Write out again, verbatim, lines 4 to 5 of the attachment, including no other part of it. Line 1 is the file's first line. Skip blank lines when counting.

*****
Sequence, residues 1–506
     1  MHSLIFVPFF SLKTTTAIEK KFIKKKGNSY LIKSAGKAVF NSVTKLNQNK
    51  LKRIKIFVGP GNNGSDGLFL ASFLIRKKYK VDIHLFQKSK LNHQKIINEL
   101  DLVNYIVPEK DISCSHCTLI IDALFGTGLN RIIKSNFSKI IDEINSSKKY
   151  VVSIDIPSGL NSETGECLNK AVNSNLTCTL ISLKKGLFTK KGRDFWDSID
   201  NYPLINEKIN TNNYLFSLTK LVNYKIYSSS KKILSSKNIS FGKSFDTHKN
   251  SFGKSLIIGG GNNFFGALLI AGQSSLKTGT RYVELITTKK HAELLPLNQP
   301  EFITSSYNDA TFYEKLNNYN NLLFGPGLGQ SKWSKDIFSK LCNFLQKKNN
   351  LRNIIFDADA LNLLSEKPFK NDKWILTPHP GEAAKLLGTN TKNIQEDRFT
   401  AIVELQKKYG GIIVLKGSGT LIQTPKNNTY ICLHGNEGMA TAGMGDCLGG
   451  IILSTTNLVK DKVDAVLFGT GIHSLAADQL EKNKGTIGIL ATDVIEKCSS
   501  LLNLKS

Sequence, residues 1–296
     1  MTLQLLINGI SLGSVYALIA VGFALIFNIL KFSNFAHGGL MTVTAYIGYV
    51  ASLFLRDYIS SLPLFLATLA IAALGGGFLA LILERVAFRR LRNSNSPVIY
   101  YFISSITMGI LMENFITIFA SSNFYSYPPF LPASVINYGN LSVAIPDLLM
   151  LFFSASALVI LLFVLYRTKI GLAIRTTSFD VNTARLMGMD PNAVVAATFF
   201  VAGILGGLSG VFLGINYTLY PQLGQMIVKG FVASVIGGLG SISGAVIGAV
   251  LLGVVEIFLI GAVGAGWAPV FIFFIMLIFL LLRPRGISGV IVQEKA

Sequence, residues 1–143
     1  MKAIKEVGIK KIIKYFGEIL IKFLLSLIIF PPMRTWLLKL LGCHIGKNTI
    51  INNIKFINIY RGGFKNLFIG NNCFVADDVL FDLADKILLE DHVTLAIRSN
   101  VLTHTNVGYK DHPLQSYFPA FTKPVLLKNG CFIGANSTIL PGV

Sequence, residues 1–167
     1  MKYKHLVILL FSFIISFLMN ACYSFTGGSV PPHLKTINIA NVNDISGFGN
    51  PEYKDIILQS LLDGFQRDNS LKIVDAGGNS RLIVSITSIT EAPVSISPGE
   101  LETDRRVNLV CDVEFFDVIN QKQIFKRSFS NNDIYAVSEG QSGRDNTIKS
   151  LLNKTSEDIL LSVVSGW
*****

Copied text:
   101  DLVNYIVPEK DISCSHCTLI IDALFGTGLN RIIKSNFSKI IDEINSSKKY
   151  VVSIDIPSGL NSETGECLNK AVNSNLTCTL ISLKKGLFTK KGRDFWDSID